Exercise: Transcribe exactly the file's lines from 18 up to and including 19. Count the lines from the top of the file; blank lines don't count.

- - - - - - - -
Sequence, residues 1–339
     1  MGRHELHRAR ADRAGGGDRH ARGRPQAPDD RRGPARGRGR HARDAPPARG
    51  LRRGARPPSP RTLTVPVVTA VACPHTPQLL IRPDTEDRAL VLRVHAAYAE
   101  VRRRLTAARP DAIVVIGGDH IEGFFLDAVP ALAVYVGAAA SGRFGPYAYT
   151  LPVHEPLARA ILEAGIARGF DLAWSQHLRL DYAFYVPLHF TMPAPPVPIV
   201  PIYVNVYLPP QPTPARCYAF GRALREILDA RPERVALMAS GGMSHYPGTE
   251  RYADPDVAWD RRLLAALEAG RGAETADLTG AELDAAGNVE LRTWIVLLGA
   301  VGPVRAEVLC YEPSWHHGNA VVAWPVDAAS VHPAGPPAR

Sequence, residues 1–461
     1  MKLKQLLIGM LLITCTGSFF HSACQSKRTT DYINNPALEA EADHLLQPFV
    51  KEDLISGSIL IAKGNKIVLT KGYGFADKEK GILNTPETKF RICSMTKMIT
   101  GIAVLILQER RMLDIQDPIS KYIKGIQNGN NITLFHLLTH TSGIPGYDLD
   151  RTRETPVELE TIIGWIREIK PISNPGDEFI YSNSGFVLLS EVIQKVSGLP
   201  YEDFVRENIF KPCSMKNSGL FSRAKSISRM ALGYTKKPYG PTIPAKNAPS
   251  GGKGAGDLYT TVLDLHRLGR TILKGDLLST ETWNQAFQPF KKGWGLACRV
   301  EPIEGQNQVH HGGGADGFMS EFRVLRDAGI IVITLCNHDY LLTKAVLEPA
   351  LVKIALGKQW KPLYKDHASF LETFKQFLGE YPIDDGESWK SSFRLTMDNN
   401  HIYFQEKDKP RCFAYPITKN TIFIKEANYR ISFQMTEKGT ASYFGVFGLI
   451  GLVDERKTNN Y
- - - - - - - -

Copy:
   401  HIYFQEKDKP RCFAYPITKN TIFIKEANYR ISFQMTEKGT ASYFGVFGLI
   451  GLVDERKTNN Y